As Jim Geraghty notes, conservatives usually express the same kind of skepticism towards PPP surveys as progressives do with Rasmussen. Usually, while the methodology is similar, the sampling isn’t analogous; like most pollsters, PPP waits until closer to the election to use a likely-voter model, where Rasmussen rarely uses anything else. Now that PPP has switched to likely voters, it turns out that they’re more similar to Rasmussen than first thought, at least in terms of results in Pennsylvania:
In PPP’s previous survey of the Pennsylvania Senate race in June, Republican Pat Toomey and Democrat Joe Sestak were dead even at 41% among occasional voters. In the first survey using its likely-voter model, however, PPP now finds Toomey jumping out to a 9-point lead, 45-36, with 20% still undecided. …
In an electorate with a 50-42 Democratic identification edge, Sestak maintained parity with Toomey by getting almost as much of his party’s support as Toomey pulled of his, despite a 41-21 Toomey advantage with the small set of independents. But with only a two-point Democratic advantage, Sestak gets only 64% of Democrats to Toomey’s 74% of Republicans, and Toomey’s support among unaffiliateds is now a majority, 50-23. Sestak also now has a net-negative favorability rating by 10 points, after breaking even in June, while Toomey keeps a barely positive mark.
Jim pronounces this “Toomsday,” and it’s difficult to argue with that assessment. PPP notes that the likely-voter electorate backed John McCain over Barack Obama by one point, despite Obama’s win in Pennsylvania by 10. The people who turned out in 2008 aren’t going to the polls in 2010, while independents and Republicans angered by the Democratic agenda are on a mission to change direction in Washington.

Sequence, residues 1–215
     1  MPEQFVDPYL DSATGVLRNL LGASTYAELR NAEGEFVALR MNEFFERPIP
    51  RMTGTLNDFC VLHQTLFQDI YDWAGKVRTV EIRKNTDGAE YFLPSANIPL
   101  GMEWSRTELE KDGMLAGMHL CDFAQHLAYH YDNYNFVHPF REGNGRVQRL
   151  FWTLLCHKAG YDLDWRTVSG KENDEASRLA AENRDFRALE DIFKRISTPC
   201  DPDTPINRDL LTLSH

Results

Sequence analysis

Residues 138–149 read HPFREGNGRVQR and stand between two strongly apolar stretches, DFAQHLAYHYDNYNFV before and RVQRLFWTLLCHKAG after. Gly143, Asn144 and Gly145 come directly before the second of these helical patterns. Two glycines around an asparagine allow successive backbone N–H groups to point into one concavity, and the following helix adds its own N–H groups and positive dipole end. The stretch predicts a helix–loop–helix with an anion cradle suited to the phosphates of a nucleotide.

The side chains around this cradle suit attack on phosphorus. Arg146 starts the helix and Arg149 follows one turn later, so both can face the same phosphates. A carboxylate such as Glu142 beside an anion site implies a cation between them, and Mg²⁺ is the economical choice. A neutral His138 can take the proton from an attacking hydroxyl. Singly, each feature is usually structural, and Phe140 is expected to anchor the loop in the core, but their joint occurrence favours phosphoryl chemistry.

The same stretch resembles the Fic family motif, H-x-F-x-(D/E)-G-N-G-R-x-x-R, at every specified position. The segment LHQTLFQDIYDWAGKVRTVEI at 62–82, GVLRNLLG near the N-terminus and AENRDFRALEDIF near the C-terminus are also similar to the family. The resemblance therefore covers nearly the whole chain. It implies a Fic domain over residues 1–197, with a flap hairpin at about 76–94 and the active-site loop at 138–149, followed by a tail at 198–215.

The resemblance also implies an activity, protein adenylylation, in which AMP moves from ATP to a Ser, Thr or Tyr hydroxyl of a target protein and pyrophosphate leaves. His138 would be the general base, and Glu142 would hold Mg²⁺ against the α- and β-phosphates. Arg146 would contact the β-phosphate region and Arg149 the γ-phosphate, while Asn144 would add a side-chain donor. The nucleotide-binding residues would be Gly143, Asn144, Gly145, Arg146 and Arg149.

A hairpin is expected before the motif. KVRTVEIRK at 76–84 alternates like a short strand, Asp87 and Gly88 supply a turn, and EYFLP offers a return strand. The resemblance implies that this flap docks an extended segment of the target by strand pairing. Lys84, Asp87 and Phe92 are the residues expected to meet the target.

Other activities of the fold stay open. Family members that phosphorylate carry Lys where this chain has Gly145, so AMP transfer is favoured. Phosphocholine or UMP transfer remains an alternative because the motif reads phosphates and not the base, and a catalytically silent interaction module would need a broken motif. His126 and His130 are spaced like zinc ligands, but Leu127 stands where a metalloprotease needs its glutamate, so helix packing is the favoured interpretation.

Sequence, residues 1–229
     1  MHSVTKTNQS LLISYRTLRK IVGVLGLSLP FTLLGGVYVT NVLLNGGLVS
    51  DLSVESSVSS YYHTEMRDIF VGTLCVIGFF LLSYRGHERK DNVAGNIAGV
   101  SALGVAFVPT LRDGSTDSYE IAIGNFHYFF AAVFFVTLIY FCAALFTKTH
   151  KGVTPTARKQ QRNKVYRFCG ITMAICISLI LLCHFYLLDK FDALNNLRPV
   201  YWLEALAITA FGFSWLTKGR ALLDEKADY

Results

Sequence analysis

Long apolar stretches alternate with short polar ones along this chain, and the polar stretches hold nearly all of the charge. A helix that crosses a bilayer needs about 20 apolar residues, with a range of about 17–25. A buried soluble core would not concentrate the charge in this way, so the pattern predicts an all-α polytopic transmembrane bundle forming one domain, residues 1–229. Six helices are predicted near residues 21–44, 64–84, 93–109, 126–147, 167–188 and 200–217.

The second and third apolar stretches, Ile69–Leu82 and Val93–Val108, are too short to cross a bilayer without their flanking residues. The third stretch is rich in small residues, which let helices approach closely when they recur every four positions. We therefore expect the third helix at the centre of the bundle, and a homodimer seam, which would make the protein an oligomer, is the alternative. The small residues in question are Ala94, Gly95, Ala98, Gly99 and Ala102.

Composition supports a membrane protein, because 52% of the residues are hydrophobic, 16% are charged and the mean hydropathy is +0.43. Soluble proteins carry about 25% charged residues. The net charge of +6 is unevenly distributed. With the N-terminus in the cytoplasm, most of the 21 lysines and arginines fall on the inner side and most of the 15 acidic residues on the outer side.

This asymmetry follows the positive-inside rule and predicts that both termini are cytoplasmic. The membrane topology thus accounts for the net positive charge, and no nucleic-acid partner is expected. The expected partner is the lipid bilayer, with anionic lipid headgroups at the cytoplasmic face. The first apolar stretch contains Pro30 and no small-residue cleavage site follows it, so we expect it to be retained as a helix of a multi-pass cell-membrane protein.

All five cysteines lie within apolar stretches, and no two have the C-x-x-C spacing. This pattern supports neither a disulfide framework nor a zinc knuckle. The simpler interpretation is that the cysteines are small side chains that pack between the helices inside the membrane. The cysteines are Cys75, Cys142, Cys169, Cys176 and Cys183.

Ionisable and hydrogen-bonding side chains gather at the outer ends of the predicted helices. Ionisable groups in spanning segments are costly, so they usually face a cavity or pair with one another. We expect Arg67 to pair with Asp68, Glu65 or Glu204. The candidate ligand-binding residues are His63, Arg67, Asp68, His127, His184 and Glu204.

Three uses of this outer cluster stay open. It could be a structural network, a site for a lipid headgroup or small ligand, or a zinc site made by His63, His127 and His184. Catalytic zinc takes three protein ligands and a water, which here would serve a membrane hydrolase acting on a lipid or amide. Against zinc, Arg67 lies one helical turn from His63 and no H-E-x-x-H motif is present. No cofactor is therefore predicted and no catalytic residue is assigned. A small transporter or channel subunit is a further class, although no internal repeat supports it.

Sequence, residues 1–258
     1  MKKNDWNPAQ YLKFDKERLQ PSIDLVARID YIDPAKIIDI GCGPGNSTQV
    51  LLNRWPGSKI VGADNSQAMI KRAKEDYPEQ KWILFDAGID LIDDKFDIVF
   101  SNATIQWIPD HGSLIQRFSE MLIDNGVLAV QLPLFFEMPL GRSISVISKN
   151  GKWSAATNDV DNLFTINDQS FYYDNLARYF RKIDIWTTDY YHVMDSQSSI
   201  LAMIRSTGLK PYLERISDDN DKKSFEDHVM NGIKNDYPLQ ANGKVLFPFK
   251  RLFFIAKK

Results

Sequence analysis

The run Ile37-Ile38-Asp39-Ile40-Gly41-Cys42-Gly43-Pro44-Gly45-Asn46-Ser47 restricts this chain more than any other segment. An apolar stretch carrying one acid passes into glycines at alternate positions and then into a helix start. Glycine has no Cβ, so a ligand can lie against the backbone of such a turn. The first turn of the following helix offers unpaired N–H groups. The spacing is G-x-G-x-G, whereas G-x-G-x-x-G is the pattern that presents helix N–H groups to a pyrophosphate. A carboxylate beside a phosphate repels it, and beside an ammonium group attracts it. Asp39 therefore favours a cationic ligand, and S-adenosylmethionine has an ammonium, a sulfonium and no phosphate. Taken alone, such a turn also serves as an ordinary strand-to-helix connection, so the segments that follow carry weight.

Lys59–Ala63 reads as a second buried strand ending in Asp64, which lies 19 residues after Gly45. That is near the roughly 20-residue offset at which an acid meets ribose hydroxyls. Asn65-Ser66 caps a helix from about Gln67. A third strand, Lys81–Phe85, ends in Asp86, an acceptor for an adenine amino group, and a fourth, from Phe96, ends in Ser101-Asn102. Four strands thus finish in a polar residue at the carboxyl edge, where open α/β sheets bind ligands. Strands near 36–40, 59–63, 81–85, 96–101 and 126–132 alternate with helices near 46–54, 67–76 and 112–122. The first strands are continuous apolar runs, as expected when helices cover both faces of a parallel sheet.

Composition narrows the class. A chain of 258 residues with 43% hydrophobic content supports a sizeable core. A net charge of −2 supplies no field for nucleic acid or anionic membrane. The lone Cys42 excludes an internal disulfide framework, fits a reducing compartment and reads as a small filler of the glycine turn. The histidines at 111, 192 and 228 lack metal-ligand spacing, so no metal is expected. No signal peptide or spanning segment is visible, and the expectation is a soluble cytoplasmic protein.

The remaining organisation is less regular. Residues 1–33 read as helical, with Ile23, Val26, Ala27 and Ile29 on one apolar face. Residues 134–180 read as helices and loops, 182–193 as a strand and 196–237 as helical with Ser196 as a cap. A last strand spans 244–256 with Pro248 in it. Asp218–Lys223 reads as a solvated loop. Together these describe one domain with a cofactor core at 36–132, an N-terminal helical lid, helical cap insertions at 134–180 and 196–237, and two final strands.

It’s not hard to see why from the poll results. Obama gets a 40/55 job approval rating from likely voters, and his ObamaCare gets the same treatment at 39/54. Independent voters give both a 32/63 approval rating. Sestak, who voted for ObamaCare, only manages a 28% approval rating despite his relatively high profile in Washington — and despite a two-point advantage in the survey sample for Democrats, 46/44. In fact, Sestak only gets a 47% approval rating from Democrats.
Assuming this model correctly shows the support levels in Pennsylvania, Sestak would have to convince 80% of the undecided voters over the next ten weeks to prevail in the general election. Possible? Yes, but not likely at all.
Update: The news isn’t quite as good in PPP’s poll of Illinois likely voters in the Senate race. Alexi Giannoulias edges Mark Kirk 37/35, with 28% of voters wondering how they wound up with these choices.
Update II: Rasmussen has a new poll coming out this afternoon showing Toomey with a 9-point edge as well, 46/37. Toomey wins independents 45/24, gets 19% of Democrats, wins both men (52/37) and women (41/37), and every age demographic except 18-29YOs.
Update III: Yeah, I jumbled up the Rasmussen numbers, which commenters rightly point out are 46/37, not 47/36. Is it Obamath or wishful thinking? Is there a difference? Anyway, my apologies for the error.